West Africa includes the most endemic areas in the world with Nigeria being one of the largest countries of West Africa that has been reported to have a high incidence of onchocerciasis infection.[4] An estimated prevalence of 27% of nearly 200 million people are at risk globally and Nigeria has been reported as the most endemic country in the world for onchocerciasis.[5] Edo State has been observed to be endemic for onchocerciasis when compared with other parts of Nigeria probably due to poor mass drug administration coverage.[6],[7],[8] The main goal of African Program for Onchocerciasis Control (APOC) is to reduce the public health and socioeconomic problems of onchocerciasis with a period of 12–15 years using the strategy of yearly community-directed treatment with ivermectin (CDTI) in endemic areas. The use of ivermectin is highly effective, feasible, and offers a different approach to the control of onchocerciasis.[9] Community is the heart of the APOC strategy for controlling onchocerciasis. Community ownership of the distribution program is thought to be a major innovation for mass treatment and has been reported to be a cornerstone to the success of CDTI.[10] Ekpan is one of the communities in Uhunmwode Local Government Area, Edo State, where onchocerciasis has been reported over the years. Wagbatsoma and Aisien[11] evaluated the knowledge, attitude, and perception of onchocerciasis after 3 years of ivermectin distribution in Ekpan community. Similarly, Aisien et al.[12] investigated the prevalence of onchocerciasis among children aged 0–15 years in Ekpan using nodular index. Ivermectin is known to be the only available drug for mass treatment of onchocerciasis, which has been used for nearly 2 decades in Ekpan community to reduce the transmission of the disease. Persistent clinical manifestations have been reported after years of ivermectin treatment in this community. Information on the detection of O. volvulus infection among ivermectin-treated population in Ekpan community is lacking. Against this background, this study was conducted to determine O. volvulus infection among ivermectin-treated population in Ekpan community, Edo State, Nigeria.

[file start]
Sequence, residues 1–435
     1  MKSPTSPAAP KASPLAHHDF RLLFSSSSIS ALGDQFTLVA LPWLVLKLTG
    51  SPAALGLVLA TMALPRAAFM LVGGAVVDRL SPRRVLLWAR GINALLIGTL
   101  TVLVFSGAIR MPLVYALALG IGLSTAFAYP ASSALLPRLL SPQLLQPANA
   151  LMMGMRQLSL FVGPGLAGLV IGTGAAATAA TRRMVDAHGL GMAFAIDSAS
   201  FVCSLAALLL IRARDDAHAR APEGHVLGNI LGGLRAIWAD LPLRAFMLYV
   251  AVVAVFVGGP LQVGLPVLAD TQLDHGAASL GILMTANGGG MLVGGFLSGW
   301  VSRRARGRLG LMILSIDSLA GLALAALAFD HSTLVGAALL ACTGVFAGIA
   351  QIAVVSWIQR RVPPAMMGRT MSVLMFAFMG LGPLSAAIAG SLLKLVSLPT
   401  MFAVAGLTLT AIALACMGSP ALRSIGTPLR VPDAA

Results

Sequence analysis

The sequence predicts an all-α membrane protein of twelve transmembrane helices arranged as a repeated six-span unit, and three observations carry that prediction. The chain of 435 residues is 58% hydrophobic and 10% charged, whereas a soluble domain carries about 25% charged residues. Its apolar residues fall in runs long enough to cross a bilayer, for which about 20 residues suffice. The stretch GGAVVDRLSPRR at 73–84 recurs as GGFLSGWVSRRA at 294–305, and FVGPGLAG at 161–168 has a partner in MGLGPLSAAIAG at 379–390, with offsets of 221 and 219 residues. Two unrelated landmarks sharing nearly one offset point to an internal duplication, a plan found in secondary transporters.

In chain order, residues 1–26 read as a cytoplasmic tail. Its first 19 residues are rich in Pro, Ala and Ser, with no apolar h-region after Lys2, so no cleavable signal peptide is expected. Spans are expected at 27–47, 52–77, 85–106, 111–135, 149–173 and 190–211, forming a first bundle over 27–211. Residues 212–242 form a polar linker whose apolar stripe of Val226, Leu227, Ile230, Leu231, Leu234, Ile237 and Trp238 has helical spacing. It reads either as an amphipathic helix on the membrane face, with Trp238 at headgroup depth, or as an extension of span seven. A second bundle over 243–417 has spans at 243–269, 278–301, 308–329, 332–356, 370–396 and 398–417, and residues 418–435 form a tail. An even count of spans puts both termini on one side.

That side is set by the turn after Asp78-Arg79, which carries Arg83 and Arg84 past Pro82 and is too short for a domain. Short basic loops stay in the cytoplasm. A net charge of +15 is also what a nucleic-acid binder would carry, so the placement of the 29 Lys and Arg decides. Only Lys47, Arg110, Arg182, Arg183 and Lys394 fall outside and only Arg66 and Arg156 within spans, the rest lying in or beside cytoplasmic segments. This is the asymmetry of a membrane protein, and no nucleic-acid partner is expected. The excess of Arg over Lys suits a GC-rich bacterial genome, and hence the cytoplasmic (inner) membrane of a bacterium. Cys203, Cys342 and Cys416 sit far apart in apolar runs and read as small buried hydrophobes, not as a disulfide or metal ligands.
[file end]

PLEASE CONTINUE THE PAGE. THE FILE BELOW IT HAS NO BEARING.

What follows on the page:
Materials and Methods Top


Study area